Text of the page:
I'm honestly beginning to wonder, where you get your information.

How did our forefathers do it?

Back at the turn of the 20th century, city leaders in places like New York, Detroit, Cleveland, Chicago and Pittsburgh managed to grow jobs and build urban cities. All grew or maintained their status as economic powerhouses. But now we're told that doing both at the same time is too taxing for modern city leaders. According to Mr. Kotkin, it's impossible for leaders in places like Phoenix to do both at the same time. You have to choose jobs or you have to choose to grow like a city. But according to Mr. Kotkin, you can't do both. Right.

Kirk - you contradict yourself

Kirk, you're right that municipalities shouldn't dictate how people should get around. That's why they need to build light rail, to give their citizens a transportation alternative. It's pretty arrogant to assume that car ownership must be a requisite for living in Phoenix, Houston, Atlanta, or any other sprawling city.

It's about freedom, and liberty

I have just as much right to move freely, with the assurance of safety, as an automobile user. Cars do not have rights, people do.

Light Rail

You're right. Light rail was great in the early twentieth century when it was competing with steam-powered cars and horses but now it is merely delusional to think that a municipal government can dictate how we move from place to place. The car, one of the great industrial miracles of the twentieth century, has allowed the residents of cities like Los Angeles, Phoenix, Atlanta, Silicon Valley, and the suburbs of up and coming urban areas like Bombay, Shanghai, Hong Kong a far greater quality of life than would have ever been possible in less automobile oriented cities.

steam-powered cars?

too much Jules Verne? I suppose such places as Amsterdam, Copenhagen, Portland, Paris and Berlin are horrible places, since pedestrian, bicycle and transit are encouraged?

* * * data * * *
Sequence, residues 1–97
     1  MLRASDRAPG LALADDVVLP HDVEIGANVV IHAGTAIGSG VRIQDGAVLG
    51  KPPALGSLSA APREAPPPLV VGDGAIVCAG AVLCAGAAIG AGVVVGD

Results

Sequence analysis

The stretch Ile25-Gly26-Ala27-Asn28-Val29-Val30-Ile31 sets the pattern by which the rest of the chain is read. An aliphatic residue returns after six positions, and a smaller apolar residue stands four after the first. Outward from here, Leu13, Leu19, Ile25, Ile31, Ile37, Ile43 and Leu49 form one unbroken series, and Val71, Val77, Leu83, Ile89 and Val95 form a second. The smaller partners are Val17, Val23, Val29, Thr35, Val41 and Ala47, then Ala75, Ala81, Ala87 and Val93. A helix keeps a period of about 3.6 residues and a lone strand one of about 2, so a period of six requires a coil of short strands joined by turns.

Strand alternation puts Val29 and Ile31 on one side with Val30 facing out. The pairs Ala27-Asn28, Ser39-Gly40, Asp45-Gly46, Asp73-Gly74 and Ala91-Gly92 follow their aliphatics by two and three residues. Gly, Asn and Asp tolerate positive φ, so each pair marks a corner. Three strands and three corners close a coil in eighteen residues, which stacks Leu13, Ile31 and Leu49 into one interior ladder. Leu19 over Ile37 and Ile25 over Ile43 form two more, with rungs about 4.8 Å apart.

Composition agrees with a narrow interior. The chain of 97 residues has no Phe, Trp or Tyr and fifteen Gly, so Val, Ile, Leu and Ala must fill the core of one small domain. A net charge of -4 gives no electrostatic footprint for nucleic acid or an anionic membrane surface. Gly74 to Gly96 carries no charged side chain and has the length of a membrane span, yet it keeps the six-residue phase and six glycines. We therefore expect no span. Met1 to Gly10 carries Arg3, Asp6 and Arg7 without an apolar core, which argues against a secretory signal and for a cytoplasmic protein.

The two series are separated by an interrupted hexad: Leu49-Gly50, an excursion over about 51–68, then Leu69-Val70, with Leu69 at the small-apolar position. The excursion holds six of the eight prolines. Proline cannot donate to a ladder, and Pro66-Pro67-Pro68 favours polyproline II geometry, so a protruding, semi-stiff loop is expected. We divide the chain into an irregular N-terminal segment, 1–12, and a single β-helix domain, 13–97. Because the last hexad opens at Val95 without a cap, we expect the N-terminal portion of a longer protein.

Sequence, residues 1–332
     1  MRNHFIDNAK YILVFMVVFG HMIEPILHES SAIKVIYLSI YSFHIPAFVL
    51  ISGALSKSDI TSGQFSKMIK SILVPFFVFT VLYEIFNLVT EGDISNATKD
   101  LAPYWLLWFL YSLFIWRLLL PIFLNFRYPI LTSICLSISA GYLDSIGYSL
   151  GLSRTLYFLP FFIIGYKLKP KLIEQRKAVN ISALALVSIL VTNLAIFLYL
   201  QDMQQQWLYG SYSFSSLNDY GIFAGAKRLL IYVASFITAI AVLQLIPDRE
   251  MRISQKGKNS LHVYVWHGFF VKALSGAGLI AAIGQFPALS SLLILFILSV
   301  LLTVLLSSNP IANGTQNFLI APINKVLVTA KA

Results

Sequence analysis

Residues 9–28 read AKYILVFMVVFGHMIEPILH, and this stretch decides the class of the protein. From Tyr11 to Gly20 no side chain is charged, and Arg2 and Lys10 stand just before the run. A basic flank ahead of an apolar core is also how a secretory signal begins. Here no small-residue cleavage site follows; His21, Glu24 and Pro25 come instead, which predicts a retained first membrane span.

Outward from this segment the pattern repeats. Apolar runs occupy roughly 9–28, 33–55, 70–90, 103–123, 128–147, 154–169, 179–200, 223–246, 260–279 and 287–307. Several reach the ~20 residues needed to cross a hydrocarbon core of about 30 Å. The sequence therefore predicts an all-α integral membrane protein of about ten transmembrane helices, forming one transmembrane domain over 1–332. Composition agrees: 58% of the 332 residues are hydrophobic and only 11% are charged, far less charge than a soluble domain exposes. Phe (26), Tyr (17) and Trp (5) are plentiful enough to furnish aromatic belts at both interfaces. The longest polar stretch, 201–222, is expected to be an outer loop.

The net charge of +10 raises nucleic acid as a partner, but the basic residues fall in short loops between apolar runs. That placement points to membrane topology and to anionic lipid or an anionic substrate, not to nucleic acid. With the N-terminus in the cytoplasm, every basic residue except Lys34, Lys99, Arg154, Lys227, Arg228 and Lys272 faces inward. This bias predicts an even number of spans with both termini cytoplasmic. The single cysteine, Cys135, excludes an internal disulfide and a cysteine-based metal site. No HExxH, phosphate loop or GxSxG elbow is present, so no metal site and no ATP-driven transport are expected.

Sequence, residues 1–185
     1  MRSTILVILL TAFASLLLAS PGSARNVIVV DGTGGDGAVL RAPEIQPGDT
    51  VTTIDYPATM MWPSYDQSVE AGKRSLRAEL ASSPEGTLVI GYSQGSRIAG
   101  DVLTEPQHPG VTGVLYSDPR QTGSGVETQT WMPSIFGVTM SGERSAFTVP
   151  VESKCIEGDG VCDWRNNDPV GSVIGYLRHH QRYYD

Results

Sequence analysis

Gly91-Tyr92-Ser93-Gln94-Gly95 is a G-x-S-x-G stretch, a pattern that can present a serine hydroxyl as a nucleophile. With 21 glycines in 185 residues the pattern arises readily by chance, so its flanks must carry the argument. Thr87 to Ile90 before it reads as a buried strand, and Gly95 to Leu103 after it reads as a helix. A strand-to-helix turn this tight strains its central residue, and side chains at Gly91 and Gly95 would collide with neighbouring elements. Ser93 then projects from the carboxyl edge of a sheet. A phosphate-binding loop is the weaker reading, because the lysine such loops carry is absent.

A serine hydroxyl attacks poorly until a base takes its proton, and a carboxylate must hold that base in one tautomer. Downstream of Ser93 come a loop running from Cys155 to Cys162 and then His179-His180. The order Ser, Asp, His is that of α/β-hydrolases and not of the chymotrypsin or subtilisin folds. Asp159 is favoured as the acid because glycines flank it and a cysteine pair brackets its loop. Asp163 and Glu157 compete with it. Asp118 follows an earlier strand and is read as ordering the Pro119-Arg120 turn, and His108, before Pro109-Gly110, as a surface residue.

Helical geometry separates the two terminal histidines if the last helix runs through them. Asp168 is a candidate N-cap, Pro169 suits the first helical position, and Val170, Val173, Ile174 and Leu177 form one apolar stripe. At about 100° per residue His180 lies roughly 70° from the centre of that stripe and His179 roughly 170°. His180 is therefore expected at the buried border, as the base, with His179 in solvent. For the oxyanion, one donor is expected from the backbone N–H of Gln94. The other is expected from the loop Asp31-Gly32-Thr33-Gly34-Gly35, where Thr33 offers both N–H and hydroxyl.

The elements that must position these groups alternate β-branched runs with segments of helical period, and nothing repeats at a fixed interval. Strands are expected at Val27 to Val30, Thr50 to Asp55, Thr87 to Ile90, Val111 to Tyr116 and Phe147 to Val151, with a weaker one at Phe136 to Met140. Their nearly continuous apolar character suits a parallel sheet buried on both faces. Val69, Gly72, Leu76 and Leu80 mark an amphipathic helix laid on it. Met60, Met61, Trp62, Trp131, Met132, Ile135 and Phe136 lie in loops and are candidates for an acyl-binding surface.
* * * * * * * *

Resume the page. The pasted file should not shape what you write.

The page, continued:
I find your comment flawed, and your argument falls short.


I agree we need to focus on job creation and not try to emulate other urban cities. At the same time I disagree on your criticism of light rail and the convention center.

Light rail is in its infancy and has outperformed expectation. It is part of well planned future transportation schemes. Freeways are expensive and expansion projects are obsolete before completion. Expanded rail is a smart choice well demonstrated by older cities in Europe and Asia.

The convention center has taken Phoenix to new levels as a destination. If you study hotel occupancy rates this past year, the Sheraton Downtown has outperformed nearly every other property in Phoenix and Scottsdale. The vertical markets the convention center helps create and support are also important to job creation and growth.

You are on-target about the need to know itself. Failures like 44 Monroe demonstrate downtown Phoenix is not the place for million dollar condos. Affordable row houses and medium density housing would be welcomed and salable.

Thanks for the thoughtful article.

Phoenix Rail

I lived in Tempe/Phoenix for 5 years, 2 of which I owned a moderately priced condo in the downtown core. The land was city-owned and was sold to a developer at a discounted rate with the hook that the condos had to be priced at $150,000 and $250,000. At the time (2002-04) there were very few amenities for residents because, quite frankly, there were very few residents. Some of that seems to have changed although I hear there have been some failures with overpriced condos and luxury buildings.

While the article is correct - Phoenix shouldn't try to be a Chicago or a New York - that's no reason to abandon things that make sense. Light rail, investments in ASU downtown, hotels, convention centers, and incentives to help lure large employers to the core are all smart moves to keep the momentum going. If it's done too quickly and forced, it will never succeed...but if it's just left to itself without any plan or structure all that has been done to this point could be wasted.

San Antonio has their River Walk, Austin has 6th Street, San Diego has GasLamp, Denver has the LoDo area, and so on. Phoenix is starting to define its core in a similar way. I think it's important that the city/state and private groups are working to partner on the heavy lifting which allows the more organic and "home grown" amenities to take root.

I've been to a non-chain breakfast restaurant is now just north of downtown and it's a wonderful addition, something that I don't think would have survived without the investments that have been made in light rail, condos, etc. Same goes for the Patriot Square Park businesses (last I checked, there was another pub there as well as the famous pizza spot).

I live in Chicago now and while it's clear that Phoenix will never have the draw of the Loop or the pedestrian-focused development of the city neighborhoods, there's a great chance for Phoenix to develop into something unique that has aspects of these things.